Postural stability in patients with knee osteoarthritis: Comparison with controls and evaluation of relationships between postural stability scores and international classification of functioning, disability and health components

Ru Lan Hsieh, Wen Chung Lee, Min Tzu Lo, Wei Cheng Liao

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22 Citations (Scopus)

Abstract

Objectives: To assess the differences in postural stability between patients with knee osteoarthritis and controls without knee osteoarthritis, and to evaluate possible relations between postural stability scores and International Classification of Functioning, Disability and Health (ICF) components. Design: An age-matched, case-controlled trial with a cross-sectional design. Setting: A teaching hospital. Participants: Patients with knee osteoarthritis (n=73) and age-matched controls (n=60). Interventions: Data on patients' postural stability and additional health-related variables were collected using various instruments. These included the Hospital Anxiety and Depression Scale, the Multidimensional Fatigue Inventory, the World Health Organization Quality of Life Brief Version, the physical function test (chair-rising time), the Chinese version of the Western Ontario and McMaster Universities Osteoarthritis Index, the Chinese version of the Knee Injury and Osteoarthritis Outcome Score, and the Biodex Stability System. Main Outcome Measures: A comparison of postural stability in patients with knee osteoarthritis versus that of controls was performed. The relation between postural stability scores for patients with knee osteoarthritis and ICF components was evaluated. Pearson correlation tests were used to determine the variables that correlated with postural stability among these patients. Results: Patients with knee osteoarthritis displayed lower overall postural stability than controls (scores of 0.7 vs. 0.5, P=.006) and scored lower on the environmental domain of the World Health Organization Quality of Life Brief Version (62.2 vs 66.8, P=.014). For patients with knee osteoarthritis, postural stability was weakly associated with the ICF components of body functions and structures, including pain (r=.33-.34, P=.004), physical fatigue (r=.28, P=.016), and reduced motivation (r=.30, P=.011). Weak to moderate associations between postural stability and the ICF components of activities and participation were found; the relevant ICF variables included reduced activity (r=.38, P=.001), physical domain and function (r=.34-.48, P=.001 to P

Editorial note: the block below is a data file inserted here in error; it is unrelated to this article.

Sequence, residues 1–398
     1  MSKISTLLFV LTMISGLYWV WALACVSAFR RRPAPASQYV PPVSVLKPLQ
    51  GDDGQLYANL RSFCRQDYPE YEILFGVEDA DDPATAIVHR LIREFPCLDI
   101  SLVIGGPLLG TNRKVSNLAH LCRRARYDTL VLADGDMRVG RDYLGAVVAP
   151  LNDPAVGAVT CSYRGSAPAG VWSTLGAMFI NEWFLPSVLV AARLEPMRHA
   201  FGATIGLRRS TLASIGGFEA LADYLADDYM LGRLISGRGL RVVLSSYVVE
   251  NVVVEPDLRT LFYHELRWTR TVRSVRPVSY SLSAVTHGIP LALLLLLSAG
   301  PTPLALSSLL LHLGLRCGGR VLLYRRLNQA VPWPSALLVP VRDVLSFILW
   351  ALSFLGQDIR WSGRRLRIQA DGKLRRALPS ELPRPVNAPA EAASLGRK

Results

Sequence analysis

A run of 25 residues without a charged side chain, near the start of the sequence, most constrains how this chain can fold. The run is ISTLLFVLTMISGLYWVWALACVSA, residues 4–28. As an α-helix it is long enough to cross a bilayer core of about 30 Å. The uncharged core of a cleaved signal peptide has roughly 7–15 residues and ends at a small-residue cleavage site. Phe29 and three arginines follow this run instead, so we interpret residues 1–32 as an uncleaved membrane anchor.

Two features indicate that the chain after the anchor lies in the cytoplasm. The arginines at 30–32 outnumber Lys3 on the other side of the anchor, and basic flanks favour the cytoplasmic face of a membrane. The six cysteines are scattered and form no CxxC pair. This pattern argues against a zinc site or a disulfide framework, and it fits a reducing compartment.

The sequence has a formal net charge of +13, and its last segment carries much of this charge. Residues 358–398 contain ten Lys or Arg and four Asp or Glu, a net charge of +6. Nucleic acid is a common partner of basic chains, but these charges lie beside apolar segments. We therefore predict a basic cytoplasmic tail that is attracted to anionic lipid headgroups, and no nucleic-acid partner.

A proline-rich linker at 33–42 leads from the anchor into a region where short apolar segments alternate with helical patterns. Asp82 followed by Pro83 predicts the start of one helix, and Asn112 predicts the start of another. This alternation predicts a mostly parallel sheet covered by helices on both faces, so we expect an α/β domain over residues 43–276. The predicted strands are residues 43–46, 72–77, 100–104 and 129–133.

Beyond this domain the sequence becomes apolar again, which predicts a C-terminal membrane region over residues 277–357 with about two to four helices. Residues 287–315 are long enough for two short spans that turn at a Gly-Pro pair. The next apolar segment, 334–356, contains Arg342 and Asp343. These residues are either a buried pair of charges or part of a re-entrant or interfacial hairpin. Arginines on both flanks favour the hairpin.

Original languageEnglish
JournalArchives of Physical Medicine and Rehabilitation
Volume94
Issue number2
DOIs
Publication statusPublished - Feb 2013

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Keywords

  • Case-control studies
  • Knee osteoarthritis
  • Posture
  • Rehabilitation

ASJC Scopus subject areas

  • Rehabilitation
  • Physical Therapy, Sports Therapy and Rehabilitation

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